Building and IDE Integration

Building From Source

Getting started with Cassandra and IntelliJ IDEA or Eclipse is simple, once you manage to build Cassandra from source using Java 8, Git and Ant.

The source code for Cassandra is shared through the central Apache Git repository and organized by different branches. You can access the code for the current development branch through git as follows:

git clone cassandra-trunk

Other branches will point to different versions of Cassandra. Switching to a different branch requires checking out the branch by its name:

git checkout cassandra-3.0

You can get a list of available branches with git branch.

Finally build Cassandra using ant:


This may take a significant amount of time depending on whether artifacts have to be downloaded and the number of classes that need to be compiled.


You can setup multiple working trees for different Cassandra versions from the same repository using git-worktree.

Setting up Cassandra in IntelliJ IDEA

IntelliJ IDEA by JetBrains is one of the most popular IDEs for Cassandra and Java development in general. The Community Edition is provided as a free download with all features needed to get started developing Cassandra.

Setup Cassandra as a Project (C* 2.1 and newer)

Since 2.1.5, there is a new ant target: generate-idea-files. Please see our wiki for instructions for older Cassandra versions.

Please clone and build Cassandra as described above and execute the following steps:

  1. Once Cassandra is built, generate the IDEA files using ant:
ant generate-idea-files
  1. Start IDEA
  2. Open the IDEA project from the checked out Cassandra directory using the menu item Open in IDEA’s File menu

The project generated by the ant task generate-idea-files contains nearly everything you need to debug Cassandra and execute unit tests.

  • Run/debug defaults for JUnit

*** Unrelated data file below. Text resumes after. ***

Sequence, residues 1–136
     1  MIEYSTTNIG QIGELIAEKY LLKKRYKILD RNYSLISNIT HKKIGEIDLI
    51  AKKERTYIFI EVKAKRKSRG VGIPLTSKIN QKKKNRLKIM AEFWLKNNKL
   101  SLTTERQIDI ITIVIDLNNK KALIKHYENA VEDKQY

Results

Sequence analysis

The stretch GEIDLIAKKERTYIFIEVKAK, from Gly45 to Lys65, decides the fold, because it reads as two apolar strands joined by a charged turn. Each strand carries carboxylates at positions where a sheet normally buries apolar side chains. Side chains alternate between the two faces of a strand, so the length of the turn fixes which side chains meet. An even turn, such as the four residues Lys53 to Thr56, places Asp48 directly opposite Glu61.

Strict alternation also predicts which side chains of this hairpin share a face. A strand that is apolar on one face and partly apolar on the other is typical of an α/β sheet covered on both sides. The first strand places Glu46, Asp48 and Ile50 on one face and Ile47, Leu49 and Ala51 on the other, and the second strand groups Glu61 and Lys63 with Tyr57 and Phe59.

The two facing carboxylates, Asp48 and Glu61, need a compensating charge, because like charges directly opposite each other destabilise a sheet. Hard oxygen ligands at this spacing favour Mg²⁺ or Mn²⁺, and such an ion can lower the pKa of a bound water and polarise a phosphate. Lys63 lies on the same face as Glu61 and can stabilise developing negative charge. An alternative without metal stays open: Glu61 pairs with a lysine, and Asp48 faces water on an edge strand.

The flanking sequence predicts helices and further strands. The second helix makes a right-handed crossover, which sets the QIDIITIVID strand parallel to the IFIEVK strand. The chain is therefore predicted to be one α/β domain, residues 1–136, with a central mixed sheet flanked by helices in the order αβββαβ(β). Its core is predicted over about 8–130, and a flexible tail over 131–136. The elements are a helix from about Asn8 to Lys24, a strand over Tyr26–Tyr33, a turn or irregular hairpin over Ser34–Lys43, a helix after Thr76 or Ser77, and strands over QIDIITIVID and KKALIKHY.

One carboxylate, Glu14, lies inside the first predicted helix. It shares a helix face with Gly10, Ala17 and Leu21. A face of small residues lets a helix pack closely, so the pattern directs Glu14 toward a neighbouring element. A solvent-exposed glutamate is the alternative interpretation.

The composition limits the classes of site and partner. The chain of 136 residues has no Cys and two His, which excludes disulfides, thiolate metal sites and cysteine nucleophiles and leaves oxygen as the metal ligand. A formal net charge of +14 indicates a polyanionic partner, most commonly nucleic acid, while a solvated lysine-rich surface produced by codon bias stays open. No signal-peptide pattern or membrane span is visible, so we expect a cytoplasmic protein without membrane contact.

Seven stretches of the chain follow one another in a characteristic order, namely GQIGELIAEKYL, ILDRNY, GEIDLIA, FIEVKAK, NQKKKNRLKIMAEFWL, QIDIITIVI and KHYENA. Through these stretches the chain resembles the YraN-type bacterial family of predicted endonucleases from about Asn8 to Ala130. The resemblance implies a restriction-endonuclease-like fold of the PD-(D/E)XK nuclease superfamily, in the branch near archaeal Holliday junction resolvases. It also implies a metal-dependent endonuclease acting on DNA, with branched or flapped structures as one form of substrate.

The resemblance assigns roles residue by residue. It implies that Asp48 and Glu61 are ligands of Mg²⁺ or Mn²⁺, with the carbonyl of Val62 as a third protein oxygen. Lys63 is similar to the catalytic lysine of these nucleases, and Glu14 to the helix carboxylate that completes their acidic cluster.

• Run/debug configuration for Cassandra daemon
  • License header for Java source files
  • Cassandra code style
  • Inspections

Opening Cassandra in Apache NetBeans

Apache NetBeans is the elder of the open sourced java IDEs, and can be used for Cassandra development. There is no project setup or generation required to open Cassandra in NetBeans.

Open Cassandra as a Project (C* 4.0 and newer)

Please clone and build Cassandra as described above and execute the following steps:

  1. Start Apache NetBeans
  2. Open the NetBeans project from the ide/ folder of the checked out Cassandra directory using the menu item “Open Project…” in NetBeans’ File menu

The project opened supports building, running, debugging, and profiling Cassandra from within the IDE. These actions delegate to the ant build.xml script.

  • Build/Run/Debug Project is available via the Run/Debug menus, or the project context menu.
  • Profile Project is available via the Profile menu. In the opened Profiler tab, click the green “Profile” button.
  • Cassandra’s code style is honored in ide/nbproject/

The JAVA8_HOME system variable must be set in the environment that NetBeans starts in for the Run/Debug/Profile ant targets to execute.

Setting up Cassandra in Eclipse